3. To bill or not to bill? Again I must state I am not a wound care expert, but I have enough experience with specialties such as vein treatment and dermatology to know that proper and efficient coding is critical to your business. Does that mean your EMR has to have this built in? No. But would it be beneficial and cost effective? Almost certainly. While there are plenty of reasons to opt for an EMR-only solution, a complete wound care system that includes billing and scheduling within the same database will improve your overall office efficiency and the accuracy of your coding. Additionally, maintaining interfaces, particularly in the face of upgrades, can be challenging and costly. Finally, it’s not uncommon for an EMR to partner with one practice-management (PM) product this year and a different one the next. I’ve seen too many practices get left in limbo when their EMR vendor changes practice management partners. It’s not pretty and it’s not a situation I would want you to experience.

4. Are you planning to meet Meaningful Use? If so, this significantly narrows your range of options within the field of dedicated wound care systems and may also open the door to considering general EMRs who have their ONC-ATCB certification. Keep in mind the cost/benefit of what will likely be a longer ramp-up period for a general EMR.

5. Do you need additional services along with the EMR? Like a number of specialties, many vendors offer a woundspecific EMR as part of a larger relationship. Providing supplies, management, treatment, and coding expertise are all additional services offered in the wound care space. Do you need it? If the answer is yes, you’ll likely pay a premium for the convenience. Does it help? Nothing is more expensive than your time wasted with improperly coded encounters—you’re literally treating patients for free. So these enhanced relationships, while driving up costs, may well prove to be a profitable alternative. One word of caution: Don’t get locked into a relationship where you can’t “break out” the components that aren’t beneficial to you and retain those that are. In other words, if you’ve signed on to a supply agreement or coding assistance and six months later you’ve hired a legendary wound care coder, be sure you can continue with the EMR without the additional services. Paying for services you don’t use or having to switch to a different EMR to get out of the arrangement are real possibilities that need to be taken into consideration and negotiated up front.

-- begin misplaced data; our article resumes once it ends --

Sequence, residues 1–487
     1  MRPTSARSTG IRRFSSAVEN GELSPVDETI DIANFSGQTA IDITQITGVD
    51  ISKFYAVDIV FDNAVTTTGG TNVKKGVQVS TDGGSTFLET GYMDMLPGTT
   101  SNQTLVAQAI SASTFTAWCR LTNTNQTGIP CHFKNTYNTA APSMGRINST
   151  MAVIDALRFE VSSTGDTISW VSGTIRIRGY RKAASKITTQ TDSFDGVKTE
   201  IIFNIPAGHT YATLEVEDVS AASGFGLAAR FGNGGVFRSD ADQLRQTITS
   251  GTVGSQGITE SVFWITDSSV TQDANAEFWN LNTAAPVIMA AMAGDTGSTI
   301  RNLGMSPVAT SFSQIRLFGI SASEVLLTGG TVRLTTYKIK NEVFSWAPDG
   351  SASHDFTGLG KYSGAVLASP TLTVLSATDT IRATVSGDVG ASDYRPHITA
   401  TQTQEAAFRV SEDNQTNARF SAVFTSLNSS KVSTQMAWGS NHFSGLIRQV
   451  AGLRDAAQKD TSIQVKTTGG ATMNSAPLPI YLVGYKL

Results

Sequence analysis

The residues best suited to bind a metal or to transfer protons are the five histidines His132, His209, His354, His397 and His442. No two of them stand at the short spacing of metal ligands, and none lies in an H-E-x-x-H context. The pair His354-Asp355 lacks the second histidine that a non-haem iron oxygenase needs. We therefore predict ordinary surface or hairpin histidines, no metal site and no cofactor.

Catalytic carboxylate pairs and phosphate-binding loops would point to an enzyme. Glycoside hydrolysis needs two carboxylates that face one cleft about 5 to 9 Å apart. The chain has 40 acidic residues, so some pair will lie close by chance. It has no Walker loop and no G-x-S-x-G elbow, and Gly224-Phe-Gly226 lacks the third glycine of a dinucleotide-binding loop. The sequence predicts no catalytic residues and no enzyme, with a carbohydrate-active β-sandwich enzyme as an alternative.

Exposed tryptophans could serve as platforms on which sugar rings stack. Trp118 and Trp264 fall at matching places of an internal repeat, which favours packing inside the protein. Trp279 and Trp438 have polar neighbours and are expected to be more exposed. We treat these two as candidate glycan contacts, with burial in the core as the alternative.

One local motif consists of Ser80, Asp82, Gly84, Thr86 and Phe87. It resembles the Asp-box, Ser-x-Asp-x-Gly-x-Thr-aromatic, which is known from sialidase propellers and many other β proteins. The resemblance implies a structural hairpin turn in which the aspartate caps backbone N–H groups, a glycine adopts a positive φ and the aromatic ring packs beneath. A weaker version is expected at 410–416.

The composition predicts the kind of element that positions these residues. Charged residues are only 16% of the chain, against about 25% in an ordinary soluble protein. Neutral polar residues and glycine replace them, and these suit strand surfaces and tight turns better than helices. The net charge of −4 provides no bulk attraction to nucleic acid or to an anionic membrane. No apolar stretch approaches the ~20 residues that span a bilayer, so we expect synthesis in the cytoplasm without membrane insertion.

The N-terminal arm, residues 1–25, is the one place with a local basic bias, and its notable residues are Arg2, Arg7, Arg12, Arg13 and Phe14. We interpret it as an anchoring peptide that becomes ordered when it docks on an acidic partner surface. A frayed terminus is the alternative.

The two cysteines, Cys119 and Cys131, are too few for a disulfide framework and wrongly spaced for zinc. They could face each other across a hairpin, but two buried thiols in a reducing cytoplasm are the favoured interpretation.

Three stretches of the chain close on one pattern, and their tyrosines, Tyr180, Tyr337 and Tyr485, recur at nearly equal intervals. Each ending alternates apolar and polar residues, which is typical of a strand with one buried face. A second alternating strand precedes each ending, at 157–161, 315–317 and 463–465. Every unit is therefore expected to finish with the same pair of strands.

6. Do you routinely photograph you patient’s wounds? If you do, then your EMR should allow for a seamless import of those images into the patient chart. Wireless cameras can achieve this, as can a product called Eye-Fi, but your vendor needs to support it. Also, one of the great advantages of EMR for a specialty such as wound care is the ability to capture a digital image of a wound and draw on it (while still preserving the original image). If you intend to use an EMR in this manner, be sure the system is designed to accommodate the flow of those images into the patient chart and that your storage or image management solution is capable of handling the required capacity.